Monday, November 14, 2005
At any rate, I thought I would take the opportunity to comment on some common errors that I see when people try to use Latin abbreviations in English writing. The first has to do with the distinction between i.e. and e.g. The most frequent mistake is thinking that i.e. means "for example," when it actually is an abbreviation for the Latin phrase id est, or "that is." The Latin equivalent to "for example" is exempli gratia. Here is the proper usage:
"I love donuts, i.e., deep-fried batter commonly found as a
torus-shaped ring or a flattened sphere, often covered with
confectionary or injected with a sweet filling."
"I love donuts, e.g., Krispy Kreme hot glazed
and Dunkin Donuts French crullers."
My second beef is about the redundant use of the word "and" before the Latin abbreviation etc. The prase et cetera is translated "and the rest," not to be confused with et al., which is an abbreviation of several forms of a Latin phrase meaning "and others," used to stand for a list of names or "and elsewhere," used to stand for a list of places. In all cases, the English word "and" is understood as part of the Latin abbreviation, and should not be added. It's worse than using your PIN number at the ATM machine (you know, the new kind with the LCD display) on your way to pick up some KFC chicken. People who do that probably scored poorly on their SAT test and might be more likely to get the HIV virus.
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I have a deficiency. can you explain that whole scenario about the ATM and KFC? I must have misread it...unless of course you're being totally goofy, then it's pretty funny.>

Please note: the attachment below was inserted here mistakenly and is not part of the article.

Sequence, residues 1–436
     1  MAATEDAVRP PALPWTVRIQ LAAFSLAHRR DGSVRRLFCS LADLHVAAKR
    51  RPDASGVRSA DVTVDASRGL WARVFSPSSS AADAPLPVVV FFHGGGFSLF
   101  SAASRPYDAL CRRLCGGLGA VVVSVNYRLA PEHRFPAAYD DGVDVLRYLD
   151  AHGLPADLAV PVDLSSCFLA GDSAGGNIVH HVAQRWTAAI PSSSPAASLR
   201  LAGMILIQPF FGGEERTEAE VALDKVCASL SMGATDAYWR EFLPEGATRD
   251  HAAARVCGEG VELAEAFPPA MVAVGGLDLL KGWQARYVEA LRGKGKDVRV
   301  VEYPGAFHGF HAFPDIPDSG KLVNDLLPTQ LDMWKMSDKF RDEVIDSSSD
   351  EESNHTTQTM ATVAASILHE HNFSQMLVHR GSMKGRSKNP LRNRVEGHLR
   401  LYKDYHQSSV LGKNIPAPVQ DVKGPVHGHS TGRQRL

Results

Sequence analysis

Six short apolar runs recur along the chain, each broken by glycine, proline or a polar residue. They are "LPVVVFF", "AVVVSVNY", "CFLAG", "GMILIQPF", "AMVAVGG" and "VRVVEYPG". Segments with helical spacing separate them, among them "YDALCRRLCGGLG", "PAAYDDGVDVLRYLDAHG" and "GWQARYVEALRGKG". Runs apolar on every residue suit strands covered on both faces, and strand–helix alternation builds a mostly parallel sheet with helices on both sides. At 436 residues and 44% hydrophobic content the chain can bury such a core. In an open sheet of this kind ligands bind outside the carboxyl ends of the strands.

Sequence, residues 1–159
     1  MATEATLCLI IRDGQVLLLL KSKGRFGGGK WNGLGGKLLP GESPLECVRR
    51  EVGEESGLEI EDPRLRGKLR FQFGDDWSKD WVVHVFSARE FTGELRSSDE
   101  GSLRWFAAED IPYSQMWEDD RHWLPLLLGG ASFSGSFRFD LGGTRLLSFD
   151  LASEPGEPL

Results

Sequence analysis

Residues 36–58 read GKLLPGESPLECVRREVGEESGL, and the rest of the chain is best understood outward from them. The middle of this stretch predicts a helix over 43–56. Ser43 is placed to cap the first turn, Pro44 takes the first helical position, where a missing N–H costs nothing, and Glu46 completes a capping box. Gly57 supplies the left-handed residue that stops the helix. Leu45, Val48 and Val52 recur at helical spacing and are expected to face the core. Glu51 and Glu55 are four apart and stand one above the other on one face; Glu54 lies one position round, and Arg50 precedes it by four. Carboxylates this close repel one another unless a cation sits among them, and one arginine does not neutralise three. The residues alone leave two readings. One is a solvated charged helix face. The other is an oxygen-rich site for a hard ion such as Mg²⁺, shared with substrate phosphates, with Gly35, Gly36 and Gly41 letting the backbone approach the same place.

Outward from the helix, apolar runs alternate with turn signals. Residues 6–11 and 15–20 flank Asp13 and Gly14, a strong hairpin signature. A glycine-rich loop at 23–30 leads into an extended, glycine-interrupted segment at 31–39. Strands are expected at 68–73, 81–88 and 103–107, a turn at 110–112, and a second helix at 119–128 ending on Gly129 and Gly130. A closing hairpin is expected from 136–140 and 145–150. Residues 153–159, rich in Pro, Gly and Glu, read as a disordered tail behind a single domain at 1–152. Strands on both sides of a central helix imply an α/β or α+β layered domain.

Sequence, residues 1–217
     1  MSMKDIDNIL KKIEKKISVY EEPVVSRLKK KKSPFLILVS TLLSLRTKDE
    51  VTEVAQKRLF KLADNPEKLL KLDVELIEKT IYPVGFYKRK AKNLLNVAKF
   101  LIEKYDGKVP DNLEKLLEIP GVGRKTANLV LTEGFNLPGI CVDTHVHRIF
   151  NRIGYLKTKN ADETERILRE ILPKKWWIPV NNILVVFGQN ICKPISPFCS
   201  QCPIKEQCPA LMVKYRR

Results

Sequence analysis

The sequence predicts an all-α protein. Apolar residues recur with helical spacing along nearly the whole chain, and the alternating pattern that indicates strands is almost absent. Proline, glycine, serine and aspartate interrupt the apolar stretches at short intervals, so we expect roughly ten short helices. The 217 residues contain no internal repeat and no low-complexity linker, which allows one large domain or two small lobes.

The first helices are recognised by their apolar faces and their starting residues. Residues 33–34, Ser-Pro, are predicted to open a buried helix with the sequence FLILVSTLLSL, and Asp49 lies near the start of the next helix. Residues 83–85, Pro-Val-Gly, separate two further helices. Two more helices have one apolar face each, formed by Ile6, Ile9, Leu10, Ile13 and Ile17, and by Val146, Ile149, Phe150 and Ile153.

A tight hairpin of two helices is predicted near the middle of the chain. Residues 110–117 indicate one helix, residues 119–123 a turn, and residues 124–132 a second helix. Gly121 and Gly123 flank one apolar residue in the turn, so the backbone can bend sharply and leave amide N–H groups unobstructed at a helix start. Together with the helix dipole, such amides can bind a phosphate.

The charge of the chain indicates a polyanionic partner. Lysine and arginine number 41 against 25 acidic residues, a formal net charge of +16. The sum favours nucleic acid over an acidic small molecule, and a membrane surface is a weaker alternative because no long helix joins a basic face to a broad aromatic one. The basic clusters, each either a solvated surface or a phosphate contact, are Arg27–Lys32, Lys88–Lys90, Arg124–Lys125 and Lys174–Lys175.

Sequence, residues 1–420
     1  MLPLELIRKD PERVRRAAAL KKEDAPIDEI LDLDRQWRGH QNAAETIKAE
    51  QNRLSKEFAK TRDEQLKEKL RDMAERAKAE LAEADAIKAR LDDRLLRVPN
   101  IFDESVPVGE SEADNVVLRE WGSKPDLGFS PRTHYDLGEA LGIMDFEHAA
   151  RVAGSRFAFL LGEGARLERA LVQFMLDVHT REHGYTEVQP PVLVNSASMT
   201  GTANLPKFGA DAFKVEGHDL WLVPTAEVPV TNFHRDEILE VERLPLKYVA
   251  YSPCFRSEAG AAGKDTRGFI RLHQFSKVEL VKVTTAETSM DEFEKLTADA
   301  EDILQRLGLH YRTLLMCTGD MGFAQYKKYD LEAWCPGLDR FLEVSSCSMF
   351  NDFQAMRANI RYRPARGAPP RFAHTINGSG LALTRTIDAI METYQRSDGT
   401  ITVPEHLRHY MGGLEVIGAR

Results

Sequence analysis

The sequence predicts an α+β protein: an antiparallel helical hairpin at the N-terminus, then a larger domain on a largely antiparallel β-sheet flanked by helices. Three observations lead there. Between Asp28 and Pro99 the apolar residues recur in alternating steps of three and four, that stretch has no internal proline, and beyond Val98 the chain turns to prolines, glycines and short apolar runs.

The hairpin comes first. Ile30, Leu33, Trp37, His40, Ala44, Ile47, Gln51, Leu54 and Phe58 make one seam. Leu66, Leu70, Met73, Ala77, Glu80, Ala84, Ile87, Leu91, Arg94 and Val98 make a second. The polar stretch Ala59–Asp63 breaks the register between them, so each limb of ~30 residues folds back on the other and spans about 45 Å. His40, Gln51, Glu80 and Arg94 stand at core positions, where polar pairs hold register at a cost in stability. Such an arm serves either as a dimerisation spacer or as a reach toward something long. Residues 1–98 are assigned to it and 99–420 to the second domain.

"It is interesting to note that when hoi polloi was used by writers who had actually been educated in Greek, it was invariably preceded by the. Perhaps writers such as Dryden and Byron understood that English and Greek are two different languages, and that, whatever its literal meaning in Greek, hoi does not mean "the" in English. There is, in fact, no such independent word as hoi in English — there is only the term hoi polloi, which functions not as two words but as one, the sense of which is basically "commoners" or "rabble." In idiomatic English, it is no more redundant to say "the hoi polloi" than it is to say "the rabble," and most writers who use the term continue to precede it with *the* ...".
I also propose that the redundancies you have mentioned are not necessarily so bad. Perhaps technically incorrect, they can serve a purpose. Here, another clip from wikipedia (i know, no original ideas from me).
"A grammatical tautology may be intended to amplify or emphasize a certain aspect of the thing being discussed: for example, a gift is by definition free of charge, but one might talk about a "free gift" if the fact that no money was paid is of particular importance. A tautology could also be used if a non-tautologous expression might not be taken at face value: for example, a business might offer its customers a "free gift", to distinguish itself from other businesses that claim to offer "gifts" but only give them in conjunction with a purchase. Similarly, a tautology could be used if the non-tautologous expression might be ambiguous or might not be understood: although PIN stands for "Personal Identification Number", one might refer to a "PIN number" if the intended audience is unfamiliar with the acronym, or to avoid confusion with the word pin... or in the southern United States, where "pen" and "pin" are often pronounced nearly identically, hence the use of the apparent tautology "ink pen". For these reasons, although tautologies are technically unnecessary, and may be considered incorrect, they are nonetheless common in some contexts."